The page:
Sometimes you meet somebody and you know, within moments, that this person is meant to be in your life. The connection is just instant, and perfect, and in next to no time you can’t imagine your life without them. That’s how Jack King feels when he meets Kate, and what follows is a whirlwind romance that seems to be going from strength to strength. Jack isn’t used to so much good luck, and the whole thing feels too good to be true.
And then Kate dies.
Which, in most cases, would be the end of the story. However, in Justin A. Reynolds’ debut novel, Opposite of Always, death turns out not to be quite the end, as Jack finds himself flung back in time to the moment where he and Kate met for the first time. What follows is a witty, achingly sweet exploration of second chances (and third, and fourth…) and the things we’re prepared to do for the people we love.
Jack is a very endearing character; funny and self-effacing, and even when he makes mistakes he’s so obviously got good intentions that you can’t help but want the best for him. There are lots of very likeable characters in this story, Jack’s parents and friends are all intelligent, kind and fun. That Reynolds manages to create significant interpersonal conflict throughout the story, with a collection of such thoughtful and understanding characters, without any of them coming out looking like the bad guy is a significant achievement. Of course, it helps that the person behaving worst is usually Jack himself and, since the story is written from his point of view, we deeply understand his reasons.
Speaking of Jack behaving badly, I think the author did a fantastic job of showing the way the decisions Jack made in each new ‘replay’ spiralled out to affect the rest of his life. Not all of those decisions were great ones and they had correspondingly not-great impacts on Jack’s relationships with his parents and two best friends as the story progressed. It was hard to read at times, knowing the damage he was doing but also deeply understanding why he felt the need to do it, but I appreciated that Reynolds didn’t pull any punches and that Jack was forced to deal with the fallout of his actions.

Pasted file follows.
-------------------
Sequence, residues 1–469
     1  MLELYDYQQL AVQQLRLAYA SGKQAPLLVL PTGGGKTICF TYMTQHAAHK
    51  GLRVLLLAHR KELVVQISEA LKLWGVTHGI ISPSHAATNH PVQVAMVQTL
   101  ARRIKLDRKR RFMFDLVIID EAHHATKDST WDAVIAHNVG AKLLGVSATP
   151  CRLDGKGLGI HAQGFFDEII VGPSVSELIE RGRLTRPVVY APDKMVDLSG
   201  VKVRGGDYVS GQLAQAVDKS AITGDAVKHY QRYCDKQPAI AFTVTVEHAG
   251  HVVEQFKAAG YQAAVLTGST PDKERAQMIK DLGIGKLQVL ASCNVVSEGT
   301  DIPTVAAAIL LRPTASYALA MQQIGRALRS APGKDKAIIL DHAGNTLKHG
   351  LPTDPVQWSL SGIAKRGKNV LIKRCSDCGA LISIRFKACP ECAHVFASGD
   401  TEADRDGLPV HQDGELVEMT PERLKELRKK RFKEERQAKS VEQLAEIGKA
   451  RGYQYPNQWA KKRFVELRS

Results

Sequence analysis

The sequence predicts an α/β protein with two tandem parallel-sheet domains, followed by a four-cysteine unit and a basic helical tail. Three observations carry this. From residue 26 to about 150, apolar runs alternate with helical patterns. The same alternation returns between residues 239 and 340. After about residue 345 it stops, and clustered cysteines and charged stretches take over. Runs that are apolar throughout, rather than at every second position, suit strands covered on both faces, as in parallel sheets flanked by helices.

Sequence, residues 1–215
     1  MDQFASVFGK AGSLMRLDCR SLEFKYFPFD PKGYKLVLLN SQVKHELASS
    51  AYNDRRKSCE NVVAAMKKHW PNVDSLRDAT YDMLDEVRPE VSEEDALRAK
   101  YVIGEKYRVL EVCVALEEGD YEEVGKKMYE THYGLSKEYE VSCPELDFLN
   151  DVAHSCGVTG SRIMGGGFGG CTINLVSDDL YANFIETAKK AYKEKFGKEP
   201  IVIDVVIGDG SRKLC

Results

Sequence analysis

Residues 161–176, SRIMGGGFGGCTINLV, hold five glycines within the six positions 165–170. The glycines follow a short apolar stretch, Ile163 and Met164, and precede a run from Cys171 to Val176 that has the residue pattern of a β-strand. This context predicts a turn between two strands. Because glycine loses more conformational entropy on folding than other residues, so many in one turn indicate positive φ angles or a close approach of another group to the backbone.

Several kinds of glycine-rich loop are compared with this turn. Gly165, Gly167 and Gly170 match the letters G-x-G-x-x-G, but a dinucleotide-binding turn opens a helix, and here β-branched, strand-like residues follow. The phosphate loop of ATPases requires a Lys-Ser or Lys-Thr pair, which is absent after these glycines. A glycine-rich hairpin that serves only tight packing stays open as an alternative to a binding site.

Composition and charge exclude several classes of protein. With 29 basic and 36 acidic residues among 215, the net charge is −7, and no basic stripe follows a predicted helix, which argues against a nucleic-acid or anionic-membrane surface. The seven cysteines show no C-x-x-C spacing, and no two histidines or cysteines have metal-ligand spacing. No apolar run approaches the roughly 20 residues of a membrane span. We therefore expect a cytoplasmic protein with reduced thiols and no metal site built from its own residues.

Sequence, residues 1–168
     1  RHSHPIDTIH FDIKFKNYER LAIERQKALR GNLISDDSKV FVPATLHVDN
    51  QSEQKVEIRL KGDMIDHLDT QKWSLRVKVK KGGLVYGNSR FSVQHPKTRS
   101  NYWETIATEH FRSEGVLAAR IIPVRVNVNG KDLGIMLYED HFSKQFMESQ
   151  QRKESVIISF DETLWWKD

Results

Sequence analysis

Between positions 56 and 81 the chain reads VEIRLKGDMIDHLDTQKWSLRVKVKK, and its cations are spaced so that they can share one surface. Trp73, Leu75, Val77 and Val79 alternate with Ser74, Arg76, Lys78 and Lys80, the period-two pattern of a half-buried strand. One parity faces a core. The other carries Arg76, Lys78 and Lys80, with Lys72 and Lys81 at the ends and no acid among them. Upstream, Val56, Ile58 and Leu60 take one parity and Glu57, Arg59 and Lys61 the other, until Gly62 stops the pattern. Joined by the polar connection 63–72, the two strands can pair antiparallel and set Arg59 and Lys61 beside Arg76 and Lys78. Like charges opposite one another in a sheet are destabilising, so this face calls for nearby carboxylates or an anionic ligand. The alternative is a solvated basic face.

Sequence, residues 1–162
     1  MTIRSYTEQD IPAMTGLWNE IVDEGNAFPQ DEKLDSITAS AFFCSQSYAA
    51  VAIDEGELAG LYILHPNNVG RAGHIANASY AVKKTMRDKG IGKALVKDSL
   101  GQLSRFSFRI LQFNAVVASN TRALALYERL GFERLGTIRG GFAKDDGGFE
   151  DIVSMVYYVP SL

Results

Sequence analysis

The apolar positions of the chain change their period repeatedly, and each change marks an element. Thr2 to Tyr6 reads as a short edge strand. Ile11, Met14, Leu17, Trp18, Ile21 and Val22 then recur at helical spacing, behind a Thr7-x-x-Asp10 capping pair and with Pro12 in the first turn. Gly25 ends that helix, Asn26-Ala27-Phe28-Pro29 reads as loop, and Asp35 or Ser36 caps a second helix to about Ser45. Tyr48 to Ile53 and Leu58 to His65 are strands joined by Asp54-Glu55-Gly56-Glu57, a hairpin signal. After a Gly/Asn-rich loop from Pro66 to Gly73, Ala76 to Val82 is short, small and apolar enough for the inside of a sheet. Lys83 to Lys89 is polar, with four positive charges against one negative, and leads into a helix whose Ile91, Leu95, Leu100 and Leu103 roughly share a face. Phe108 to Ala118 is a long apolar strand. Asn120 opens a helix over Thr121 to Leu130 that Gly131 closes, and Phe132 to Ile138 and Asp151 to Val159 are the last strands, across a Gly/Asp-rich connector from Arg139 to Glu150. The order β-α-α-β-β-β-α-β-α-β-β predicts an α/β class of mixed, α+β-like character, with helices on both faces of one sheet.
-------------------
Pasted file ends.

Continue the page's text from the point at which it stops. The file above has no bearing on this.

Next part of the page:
The central time-repeating mechanic makes it difficult not to at least make reference to Groundhog Day, but whereas in that story the main character is repeating the same day over and over, Jack has a period of several months between meeting Kate and her untimely death. This is good, because it means Jack and Kate actually have time to get to know each other (or, rather, Kate has time to get to know Jack) and actually fall in love each time, making the emotional stakes feel more reasonable. In a similarity with Groundhog Day, there’s no reason given for the time loop Jack finds himself in, so that’s worth bearing in mind if you’re curious about that going in. I don’t think it detracted from the story, personally, but I did notice the absence.
Although a light-hearted book in the tone of its writing, Opposite of Always deals with some dark and difficult subject matter. Jack’s closest friends have complicated family lives, and we see the way this impacts them at different points throughout the book. More centrally to the story, the reason for Kate’s death is that she has sickle cell disease, an illness which can be incredibly painful and life-limiting depending on its severity. Of course, in Kate’s case it proves to be fatal. I knew a little about the disease before reading this book, but Reynolds does a thorough and thoughtful job of educating people through Jack’s desire to understand more about what keeps killing the love of his life and I definitely came out of the story knowing more than I did when I went in.
Opposite of Always is a beautiful story with a diverse cast of characters and a lot of heart. Fans of John Green and Angie Thomas should definitely give this book a go, although I think it would be hard not to fall in love with it regardless of your usual reading habits. You can find it on Amazon.
This is my Review of the Month for the review collection on LovelyAudiobooks.info